It’s a big job to build a deck. This is a project that requires the use of high-quality materials that are durable, reasonably priced, resistant to rot and pests, and easy to maintain. If you take time to build a beautiful deck with poor quality materials, the deck could end up being an eyesore in a very short time.
Some wood types most commonly used to build decks are:
•Western Red Cedar

Now these wood varieties have been used for building decks for years. They all have their benefits and drawbacks. Some have to be repeatedly maintained with oils and stains while others are less resistant to the elements. It’s becoming more and more common for people to use synthetic materials to build decks, but synthetics come with a whole new set of problems.

We’ve used them all for various projects. Suffice it to say that our winning pick is … not on the list. See, we like Ipe. Ipe is a simply amazing South American hardwood with an extremely fine grain and deep, rich color. We like it because it is:
•Bug resistant
•Rot resistant
•Very hard
•Extremely fire resistant
•UV degradation resistant
•Mold resistant
•Warp resistant
•Absolutely beautiful

Ipe is admittedly more costly than many other wood types, but it’s worth the investment. Ipe is a hardwood. It comes from a tree of the genus Tabebuia. When purchasing this product, which originates in rain forests, it’s important to be sure your product is harvested with environmental responsibility. Don’t be afraid to ask your Ipe vendor for information about how the wood is obtained. You can even ask for an environmental statement.

The benefits of using Ipe

Tuesday, October 13th, 2009

Ipe Decking is made from wood of the highest quality and durability and is commonly used on large commercial projects such as piers and boardwalks. Recently, Ipe has begun to be used on residential projects as well. Ipe Decking has many benefits far exceeding woods traditionally used for residential decking projects. Although it is more expensive than traditionally used woods, it lasts so long that it is well worth the start up cost. It is remarkable for its beauty, durability and resistance to almost all forms of weathering and destruction, including fire.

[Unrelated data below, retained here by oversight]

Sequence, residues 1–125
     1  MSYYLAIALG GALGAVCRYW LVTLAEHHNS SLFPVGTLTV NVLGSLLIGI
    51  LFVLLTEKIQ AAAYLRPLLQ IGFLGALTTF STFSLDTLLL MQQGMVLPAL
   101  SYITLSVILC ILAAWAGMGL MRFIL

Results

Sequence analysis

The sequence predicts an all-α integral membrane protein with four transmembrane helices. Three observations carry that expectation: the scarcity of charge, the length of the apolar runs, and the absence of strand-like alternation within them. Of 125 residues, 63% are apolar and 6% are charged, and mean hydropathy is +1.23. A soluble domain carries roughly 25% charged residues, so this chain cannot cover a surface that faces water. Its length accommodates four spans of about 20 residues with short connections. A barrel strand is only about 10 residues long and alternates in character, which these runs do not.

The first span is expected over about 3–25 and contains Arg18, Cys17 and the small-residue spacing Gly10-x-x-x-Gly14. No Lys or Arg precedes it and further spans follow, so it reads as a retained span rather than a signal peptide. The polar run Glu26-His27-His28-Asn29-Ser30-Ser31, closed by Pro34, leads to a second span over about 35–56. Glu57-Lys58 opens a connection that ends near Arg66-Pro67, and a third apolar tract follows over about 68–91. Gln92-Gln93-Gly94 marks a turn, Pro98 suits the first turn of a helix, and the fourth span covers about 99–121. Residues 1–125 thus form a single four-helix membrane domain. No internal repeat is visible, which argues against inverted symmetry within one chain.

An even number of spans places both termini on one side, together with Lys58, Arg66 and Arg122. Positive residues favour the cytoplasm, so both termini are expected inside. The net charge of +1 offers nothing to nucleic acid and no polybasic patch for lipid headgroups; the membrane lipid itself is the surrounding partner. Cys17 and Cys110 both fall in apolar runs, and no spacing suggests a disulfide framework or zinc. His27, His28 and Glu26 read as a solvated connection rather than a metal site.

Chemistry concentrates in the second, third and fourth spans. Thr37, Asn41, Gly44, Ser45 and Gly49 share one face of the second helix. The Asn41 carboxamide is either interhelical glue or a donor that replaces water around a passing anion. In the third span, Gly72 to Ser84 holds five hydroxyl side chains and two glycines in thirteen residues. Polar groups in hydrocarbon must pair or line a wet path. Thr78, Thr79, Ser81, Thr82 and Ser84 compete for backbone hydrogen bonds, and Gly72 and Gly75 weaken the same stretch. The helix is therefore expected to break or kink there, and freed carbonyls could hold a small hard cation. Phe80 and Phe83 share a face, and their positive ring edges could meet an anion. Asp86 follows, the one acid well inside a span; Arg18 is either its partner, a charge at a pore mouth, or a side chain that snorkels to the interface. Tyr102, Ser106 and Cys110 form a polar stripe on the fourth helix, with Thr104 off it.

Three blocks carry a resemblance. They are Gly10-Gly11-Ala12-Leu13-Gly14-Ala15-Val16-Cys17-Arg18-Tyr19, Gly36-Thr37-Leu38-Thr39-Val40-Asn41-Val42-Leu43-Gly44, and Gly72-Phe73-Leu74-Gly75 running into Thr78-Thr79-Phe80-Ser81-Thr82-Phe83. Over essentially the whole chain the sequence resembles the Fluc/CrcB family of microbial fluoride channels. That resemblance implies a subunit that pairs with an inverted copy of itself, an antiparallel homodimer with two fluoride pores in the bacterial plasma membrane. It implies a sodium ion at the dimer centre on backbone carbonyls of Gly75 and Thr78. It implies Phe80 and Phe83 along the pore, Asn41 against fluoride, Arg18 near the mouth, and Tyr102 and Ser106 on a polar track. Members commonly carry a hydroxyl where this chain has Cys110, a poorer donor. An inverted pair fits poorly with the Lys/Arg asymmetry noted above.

Ipe Decking is noteworthy for its beauty, with warm colors ranging from reddish-brown to russet. The grain of the wood is highly varied and intricate, making it a visual pleasure. While many types of decking have visible wear after only 5 years, Ipe’s beauty lasts 25 years and longer.

Ipe Decking is unique for its durablility, which is due largely to its density. Ipe weighs up to 69 pounds per cubic foot, nearly twice the density of woods commonly used for decking. Its excessive density gives the decking the ability to resist wear. Rot, damaging UV rays, termites, fire, chemicals and other forces that commonly wear out and destroy decking are naturally resisted by Ipe. Its density also means its possesses strength and hardness far exceeding traditional domestic woods. Warping, bending, splintering and movement while in use are all kept to a minimum.

Even on large commercial applications, Ipe Decking has a 25-year durability rating. Ipe’s ability to resist the tremendous wear that boardwalks and piers receive ensures the potential for an even longer life on residential applications. Not only is Ipe able to beautifully last for a long time, it requires little maintenance to do so. Labor required to apply preservatives and treatments can be eliminated, even when the decking is in contact with the ground.

If beauty and durability are important characteristics for you when choosing a decking, look no further than Ipe. Despite higher costs than other types of decking, Ipe possesses a much higher value and quality for the money. Your new Ipe Decking will be extremely durable, and maintain its remarkable beauty not for 5 or 10 years, but for 25 years or more.

What wood should I use to replace my dock?

Wednesday, August 26th, 2009

When looking into replacing docks, many materials will be mentioned, but one far surpasses the others in terms of durability and visual appeal. Ipe wood is a natural hardwood grown in South America, with a tight grain and rich color. The way in which this hardwood forms makes it particularly resistant to environmental damages or wear and tear. It grows naturally fire resistant, and is most unwelcoming to insects, mold and fungus. This means the wood does not need to be treated to remain beautiful even in salt-water areas for generations to come. This dense, tight grain in the wood also prevents it from warping or splintering even in damp conditions. If you enjoy the quality of your waterfront, Ipe seems the only choice for docks.